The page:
When asked why the top performing students do so well at school, there are a couple common answers—high IQ and hard work. Douglas Barton and his team at Elevate Education wanted to find out if that was actually the case by spending 13 years studying the most effective practices used by the top students in Australia, the United Kingdom, South Africa, and the United States.

The team’s research had three key findings:

  1. The top students don’t necessarily do better because they have a higher IQ or because they are smarter than everyone else.
  2. There are a small set of skills that are statistically significant in explaining why the top students do better than their peers, and these skills are relevant across countries.
  3. These skills can be taught to and used by any student to improve their academic performance.

One of the key skills that was incredibly predictive was taking practice tests. The research found that the number of practice tests a student did could be used to accurately predict not only how a student would perform but also could accurately rank an entire class based on that measure alone. Top performing students take far more practice tests than their peers, and that doing so helps the student move beyond just memorizing material.

Another key skill was not just working hard. Top student do work hard, but the research showed that many students who worked just as hard or harder didn’t perform as well. The reason for the difference is that it is important to work hard at the right things. Poor study skills applied more diligently won’t lead to better performance, but leads to disengagement as the student notes that they worked harder but still got poor results.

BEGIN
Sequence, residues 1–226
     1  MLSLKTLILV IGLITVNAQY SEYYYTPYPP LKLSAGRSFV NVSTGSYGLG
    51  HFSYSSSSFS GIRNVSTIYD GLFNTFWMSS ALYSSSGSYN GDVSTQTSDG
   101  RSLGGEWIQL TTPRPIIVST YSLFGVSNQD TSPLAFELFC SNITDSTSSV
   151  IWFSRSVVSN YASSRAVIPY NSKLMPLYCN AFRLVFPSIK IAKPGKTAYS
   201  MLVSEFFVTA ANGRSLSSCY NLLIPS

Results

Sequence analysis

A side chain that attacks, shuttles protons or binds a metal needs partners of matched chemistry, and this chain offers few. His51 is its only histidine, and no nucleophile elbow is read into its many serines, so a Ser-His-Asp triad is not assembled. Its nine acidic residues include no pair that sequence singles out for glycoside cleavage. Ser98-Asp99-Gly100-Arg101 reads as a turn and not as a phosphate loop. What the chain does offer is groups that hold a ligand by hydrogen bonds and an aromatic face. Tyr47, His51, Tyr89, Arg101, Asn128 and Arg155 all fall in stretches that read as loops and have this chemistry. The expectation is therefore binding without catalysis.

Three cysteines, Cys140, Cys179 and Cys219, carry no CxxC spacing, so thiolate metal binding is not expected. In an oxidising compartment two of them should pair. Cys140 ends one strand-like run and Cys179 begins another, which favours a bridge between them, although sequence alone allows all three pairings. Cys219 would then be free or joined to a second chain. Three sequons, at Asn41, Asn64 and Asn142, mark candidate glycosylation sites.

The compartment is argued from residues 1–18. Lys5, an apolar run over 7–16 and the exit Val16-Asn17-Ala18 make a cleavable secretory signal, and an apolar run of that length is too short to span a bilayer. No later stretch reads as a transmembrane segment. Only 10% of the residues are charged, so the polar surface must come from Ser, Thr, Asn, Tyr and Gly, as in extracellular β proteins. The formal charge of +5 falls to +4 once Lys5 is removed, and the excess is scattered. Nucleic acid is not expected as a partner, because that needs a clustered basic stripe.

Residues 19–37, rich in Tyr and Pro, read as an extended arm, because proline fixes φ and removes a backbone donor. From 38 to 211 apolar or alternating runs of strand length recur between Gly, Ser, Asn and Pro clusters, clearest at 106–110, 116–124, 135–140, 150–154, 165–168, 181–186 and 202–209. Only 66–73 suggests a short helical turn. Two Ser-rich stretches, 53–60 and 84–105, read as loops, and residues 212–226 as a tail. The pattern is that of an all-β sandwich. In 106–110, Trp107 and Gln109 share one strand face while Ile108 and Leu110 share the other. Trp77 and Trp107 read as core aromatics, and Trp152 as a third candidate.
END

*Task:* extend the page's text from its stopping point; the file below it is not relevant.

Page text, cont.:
So what are the right things to work hard at? Barton’s team identified 13 key skills that top students used to differentiate themselves from their peers. In his TEDxYouth@Tallinn talk, Barton highlighted two of those: doing practice exams and creating a study schedule.

While the majority of students review their notes out of a fear of forgetting something during an exam, the top students do practice tests that require them to apply what they remember, which better prepares them for their exams. Similarly, many students create study schedules, but the vast majority of them stick to that schedule for less than a week. The top students, on the other hand, typically stick to their schedule for over month. These top students stick to their schedule by creating it in a different way—they put in the things that they like to do first (e.g., hobbies, sports, socializing, etc.) before they put in their study times. This ensures that they have time scheduled to enjoy things, which makes studying not seem like a chore that is taking them away from the things they want to do. You can view Douglas Barton’s TEDxYouth@Tallinn talk below.